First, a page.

“The afternoon settled quietly into dusk as I was transported to many places and events from stories Jack and Ricky narrated—Sanso as a child of an affluent family in Spain, his country of birth; the blue-eyed Sanso as a young boy in Sta. Ana, Manila speaking fluent Tagalog, playing with boys of his age and forging strong friendships with his playmates, especially one with Henry Sy; Sanso as he diligently worked on his drawings with his teacher Alejandro Celis; Sanso as a student at the UP College of Fine Arts in Padre Faura and his friendship with artists Araceli Dans and Larry Alcala; and his entry ‘Incubus’ winning first prize in a competition held in the 1950s and sponsored by the Art Association of the Philippines then headed by Purita Kalaw-Ledesma.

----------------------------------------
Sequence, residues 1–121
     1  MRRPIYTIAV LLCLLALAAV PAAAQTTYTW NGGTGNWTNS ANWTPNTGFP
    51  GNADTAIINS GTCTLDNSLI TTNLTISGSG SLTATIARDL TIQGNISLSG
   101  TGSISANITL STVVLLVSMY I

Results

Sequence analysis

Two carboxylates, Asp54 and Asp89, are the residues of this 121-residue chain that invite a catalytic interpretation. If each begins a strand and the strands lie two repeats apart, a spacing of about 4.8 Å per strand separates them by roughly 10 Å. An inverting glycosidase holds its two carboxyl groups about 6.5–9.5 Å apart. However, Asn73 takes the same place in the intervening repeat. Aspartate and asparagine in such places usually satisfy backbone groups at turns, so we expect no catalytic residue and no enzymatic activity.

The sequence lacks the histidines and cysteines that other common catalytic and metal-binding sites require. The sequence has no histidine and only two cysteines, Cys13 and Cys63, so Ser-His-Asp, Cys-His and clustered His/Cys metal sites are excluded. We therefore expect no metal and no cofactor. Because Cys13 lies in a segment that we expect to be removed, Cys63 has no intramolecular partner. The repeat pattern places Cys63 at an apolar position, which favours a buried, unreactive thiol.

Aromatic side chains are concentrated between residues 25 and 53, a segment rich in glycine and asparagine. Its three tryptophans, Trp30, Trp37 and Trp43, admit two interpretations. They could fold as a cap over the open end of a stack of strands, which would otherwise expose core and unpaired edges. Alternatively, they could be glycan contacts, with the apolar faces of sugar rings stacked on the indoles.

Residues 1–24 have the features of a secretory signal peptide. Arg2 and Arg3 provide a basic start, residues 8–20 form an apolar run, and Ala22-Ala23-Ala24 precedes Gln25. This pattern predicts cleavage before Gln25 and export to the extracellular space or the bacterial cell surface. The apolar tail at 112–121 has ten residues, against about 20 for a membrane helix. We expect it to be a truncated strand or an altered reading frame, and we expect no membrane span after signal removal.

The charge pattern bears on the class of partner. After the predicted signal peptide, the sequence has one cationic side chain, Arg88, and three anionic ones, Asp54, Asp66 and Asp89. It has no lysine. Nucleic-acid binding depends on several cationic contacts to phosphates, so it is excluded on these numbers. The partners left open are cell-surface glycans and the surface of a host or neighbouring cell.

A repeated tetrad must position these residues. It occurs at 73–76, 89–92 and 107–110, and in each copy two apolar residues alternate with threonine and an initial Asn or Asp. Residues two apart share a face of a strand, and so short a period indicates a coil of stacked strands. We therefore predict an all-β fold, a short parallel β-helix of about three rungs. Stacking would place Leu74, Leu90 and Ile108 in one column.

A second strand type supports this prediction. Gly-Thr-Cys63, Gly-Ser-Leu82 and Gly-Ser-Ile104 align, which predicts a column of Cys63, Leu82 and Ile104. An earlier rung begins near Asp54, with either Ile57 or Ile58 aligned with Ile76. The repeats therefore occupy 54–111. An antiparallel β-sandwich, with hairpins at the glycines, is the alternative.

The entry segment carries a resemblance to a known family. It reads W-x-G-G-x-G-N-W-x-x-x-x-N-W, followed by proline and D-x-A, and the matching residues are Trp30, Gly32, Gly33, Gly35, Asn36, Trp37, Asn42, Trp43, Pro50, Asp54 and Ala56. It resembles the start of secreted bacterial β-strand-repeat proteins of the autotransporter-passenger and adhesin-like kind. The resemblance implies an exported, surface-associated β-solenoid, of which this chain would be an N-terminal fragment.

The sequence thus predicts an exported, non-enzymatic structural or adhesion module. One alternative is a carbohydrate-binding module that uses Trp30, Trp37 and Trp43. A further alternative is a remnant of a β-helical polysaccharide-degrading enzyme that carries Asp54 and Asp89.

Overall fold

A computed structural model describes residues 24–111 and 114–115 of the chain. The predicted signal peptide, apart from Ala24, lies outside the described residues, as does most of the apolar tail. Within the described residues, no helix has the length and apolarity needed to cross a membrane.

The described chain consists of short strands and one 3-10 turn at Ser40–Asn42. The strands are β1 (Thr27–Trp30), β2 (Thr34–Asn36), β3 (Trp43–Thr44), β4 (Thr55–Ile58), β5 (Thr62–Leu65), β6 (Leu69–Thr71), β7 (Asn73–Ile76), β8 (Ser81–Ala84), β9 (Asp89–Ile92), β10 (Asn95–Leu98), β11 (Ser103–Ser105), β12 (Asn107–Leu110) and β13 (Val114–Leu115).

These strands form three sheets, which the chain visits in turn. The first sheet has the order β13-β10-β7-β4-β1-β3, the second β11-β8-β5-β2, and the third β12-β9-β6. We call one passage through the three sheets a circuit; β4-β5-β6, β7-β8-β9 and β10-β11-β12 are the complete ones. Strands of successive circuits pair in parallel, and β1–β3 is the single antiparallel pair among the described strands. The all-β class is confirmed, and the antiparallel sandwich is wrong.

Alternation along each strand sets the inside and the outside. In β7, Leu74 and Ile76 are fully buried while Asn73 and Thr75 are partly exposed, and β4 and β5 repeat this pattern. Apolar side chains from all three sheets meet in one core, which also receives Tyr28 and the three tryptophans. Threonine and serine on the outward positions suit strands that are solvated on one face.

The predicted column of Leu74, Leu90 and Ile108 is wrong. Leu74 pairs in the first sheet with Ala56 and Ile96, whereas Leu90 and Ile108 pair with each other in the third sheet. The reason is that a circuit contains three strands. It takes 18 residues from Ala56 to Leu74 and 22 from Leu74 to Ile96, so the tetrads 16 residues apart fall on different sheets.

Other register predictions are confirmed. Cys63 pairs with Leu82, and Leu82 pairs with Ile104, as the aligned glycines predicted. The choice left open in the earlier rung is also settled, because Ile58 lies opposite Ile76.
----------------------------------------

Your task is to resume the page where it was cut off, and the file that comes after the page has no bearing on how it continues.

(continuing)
“It was time to leave but before I did, I treated myself to the mesmerizing display of visual delights that represented Sanso’s beautiful watercolors from the Brittany series as well as the paintings representing memories of Parañaque and Cavite. Sanso’s haunting and mysterious images in the retrospective Elogio de Agua or Hymns to Water keep running like a lovely brook in a quiet corner of my heart. The exhibit can be viewed until October 1st at Fundacion Sanso, 32 V. Cruz St., San Juan City, Metro Manila.”

Many thanks, Beng, for that glowing report, which makes we wish I had been there to chat with the artist (and now I’ll know to stay on his right side). I’d always been engrossed by Sanso’s dark waterscapes and their vegetal inhabitants, made even more intriguing by the total absence of human figures.